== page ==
If you are a parent, teacher, or clinician to a child with autism, every single day of your life is autism awareness and acceptance day. However, since April has a more formal recognition as autism acceptance month – I like to use this opportunity work on building education and acceptance of autism in the entire school community this month. As special ed teachers, we are super busy especially at this time of year so sometimes taking on another big project is daunting. But this project may be the most meaningful thing you do all year. When I incorporated this into my school community the result was honestly amazing. And I am not using that amazing word as a synonym for good. I mean I was amazed. I was amazed at hearing a second grader say that she would make sure to ask her classmate with autism if he needs a break in gym class, because sometimes she feels annoyed in gym class too. I was amazed at watching seventh grade boys make a plan to invite their classmates with autism to sit with them at lunch. I was amazed at watching my students receive warm hellos throughout every hallway of the school. I was amazed when I was at the playground with a student having a hard day and in mid-meltdown mode and a sweet little 5th grader came over and tapped me on the shoulder and said, “I have bad days too so I understand why he is mad.” A little education and open discussion can go such an amazingly long way.
The last few years, I have had the opportunity to set up the project in the schools I consult in. Every single time, that amazement comes back. It’s so exciting watching the entire school embracing our students. Even if your school already had a positive culture related to disability awareness and some great models of inclusion – this unit can provide that little bit of extra education to real put it over the edge. Our colleagues are busy in their gen ed classrooms and they may not always have the chance to answer all of these questions. The class lessons are really key in opening up a meaningful discussion.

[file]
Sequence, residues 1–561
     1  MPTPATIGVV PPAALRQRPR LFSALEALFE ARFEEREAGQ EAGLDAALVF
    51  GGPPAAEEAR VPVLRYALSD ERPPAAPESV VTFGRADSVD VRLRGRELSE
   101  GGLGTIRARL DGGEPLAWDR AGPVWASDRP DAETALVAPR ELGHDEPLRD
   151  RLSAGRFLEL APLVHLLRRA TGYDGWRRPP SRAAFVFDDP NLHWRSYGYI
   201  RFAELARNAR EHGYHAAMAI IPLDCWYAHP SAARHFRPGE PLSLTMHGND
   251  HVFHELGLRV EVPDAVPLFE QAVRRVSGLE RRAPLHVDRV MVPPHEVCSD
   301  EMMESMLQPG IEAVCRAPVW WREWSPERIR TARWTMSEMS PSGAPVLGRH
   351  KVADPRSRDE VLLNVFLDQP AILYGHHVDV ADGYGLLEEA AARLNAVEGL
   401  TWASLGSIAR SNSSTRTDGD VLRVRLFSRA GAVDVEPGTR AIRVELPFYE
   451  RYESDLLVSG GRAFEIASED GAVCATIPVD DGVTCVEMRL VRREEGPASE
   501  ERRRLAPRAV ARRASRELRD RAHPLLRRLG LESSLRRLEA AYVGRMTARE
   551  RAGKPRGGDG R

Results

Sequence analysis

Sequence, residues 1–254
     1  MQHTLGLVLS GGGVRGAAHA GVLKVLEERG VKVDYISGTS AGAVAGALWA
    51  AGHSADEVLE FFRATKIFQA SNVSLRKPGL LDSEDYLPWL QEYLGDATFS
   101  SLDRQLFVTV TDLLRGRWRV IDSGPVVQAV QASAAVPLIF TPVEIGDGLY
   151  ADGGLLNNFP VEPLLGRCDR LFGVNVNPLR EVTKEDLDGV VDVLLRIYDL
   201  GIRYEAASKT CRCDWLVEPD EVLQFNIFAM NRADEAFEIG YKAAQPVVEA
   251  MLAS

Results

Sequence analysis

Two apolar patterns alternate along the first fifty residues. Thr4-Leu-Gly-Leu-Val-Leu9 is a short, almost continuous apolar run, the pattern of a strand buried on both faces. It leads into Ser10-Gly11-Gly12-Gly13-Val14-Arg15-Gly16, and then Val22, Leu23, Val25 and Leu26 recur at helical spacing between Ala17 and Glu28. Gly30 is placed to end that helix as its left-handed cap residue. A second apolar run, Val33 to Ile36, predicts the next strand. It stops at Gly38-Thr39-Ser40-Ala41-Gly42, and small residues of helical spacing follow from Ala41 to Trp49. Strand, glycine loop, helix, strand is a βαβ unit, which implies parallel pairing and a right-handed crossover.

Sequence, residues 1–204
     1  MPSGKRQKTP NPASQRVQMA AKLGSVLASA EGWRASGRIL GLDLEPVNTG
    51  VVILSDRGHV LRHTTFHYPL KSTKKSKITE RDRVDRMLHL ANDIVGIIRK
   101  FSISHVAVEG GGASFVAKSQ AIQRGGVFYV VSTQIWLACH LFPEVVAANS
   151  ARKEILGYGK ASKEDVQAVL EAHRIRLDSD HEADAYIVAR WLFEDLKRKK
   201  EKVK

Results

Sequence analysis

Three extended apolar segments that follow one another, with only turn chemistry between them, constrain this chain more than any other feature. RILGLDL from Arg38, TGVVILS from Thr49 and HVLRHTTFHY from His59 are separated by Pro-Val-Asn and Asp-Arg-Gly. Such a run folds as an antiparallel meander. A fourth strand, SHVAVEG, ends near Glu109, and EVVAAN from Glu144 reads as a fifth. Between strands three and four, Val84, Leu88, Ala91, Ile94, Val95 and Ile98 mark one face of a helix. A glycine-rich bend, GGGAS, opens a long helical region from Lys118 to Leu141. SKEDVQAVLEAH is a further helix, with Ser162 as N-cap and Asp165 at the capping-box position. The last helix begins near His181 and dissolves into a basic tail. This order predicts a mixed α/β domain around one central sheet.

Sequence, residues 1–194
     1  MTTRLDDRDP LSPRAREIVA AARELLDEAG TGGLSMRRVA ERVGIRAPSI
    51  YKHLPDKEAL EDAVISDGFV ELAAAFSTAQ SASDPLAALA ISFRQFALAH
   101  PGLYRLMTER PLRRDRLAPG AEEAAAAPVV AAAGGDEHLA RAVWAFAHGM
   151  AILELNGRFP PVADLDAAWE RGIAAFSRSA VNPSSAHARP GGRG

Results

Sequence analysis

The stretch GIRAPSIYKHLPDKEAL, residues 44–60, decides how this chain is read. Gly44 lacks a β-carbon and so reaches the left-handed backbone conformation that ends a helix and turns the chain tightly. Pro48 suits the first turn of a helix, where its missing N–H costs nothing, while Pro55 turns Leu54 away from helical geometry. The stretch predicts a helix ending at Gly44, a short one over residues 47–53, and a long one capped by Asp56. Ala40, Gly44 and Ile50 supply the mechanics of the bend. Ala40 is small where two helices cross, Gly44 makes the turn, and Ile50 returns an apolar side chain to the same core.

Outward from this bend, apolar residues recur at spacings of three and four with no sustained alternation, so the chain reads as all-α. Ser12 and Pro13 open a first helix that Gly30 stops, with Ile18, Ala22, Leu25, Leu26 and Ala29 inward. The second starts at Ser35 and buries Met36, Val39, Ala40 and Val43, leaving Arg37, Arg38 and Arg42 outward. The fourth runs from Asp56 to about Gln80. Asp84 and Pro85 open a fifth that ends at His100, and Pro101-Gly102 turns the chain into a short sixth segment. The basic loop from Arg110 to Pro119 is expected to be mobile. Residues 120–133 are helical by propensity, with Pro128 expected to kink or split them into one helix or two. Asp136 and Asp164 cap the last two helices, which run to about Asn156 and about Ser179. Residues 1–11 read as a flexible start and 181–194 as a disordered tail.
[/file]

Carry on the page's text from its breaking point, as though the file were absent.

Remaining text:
I created this unit based on a lot of the materials that I used to do class lessons in the general education classrooms on autism. I recently updated this unit so if you purchased it in the past – make sure to redownload because there are a bunch of new goodies included! Allowing children the opportunity to ask questions and explaining autism in language they understand is imperative to creating an open environment where everyone is accepted! I highly encourage you to try this at your school! I created this Autism Awareness Unit to guide you in this important endeavor!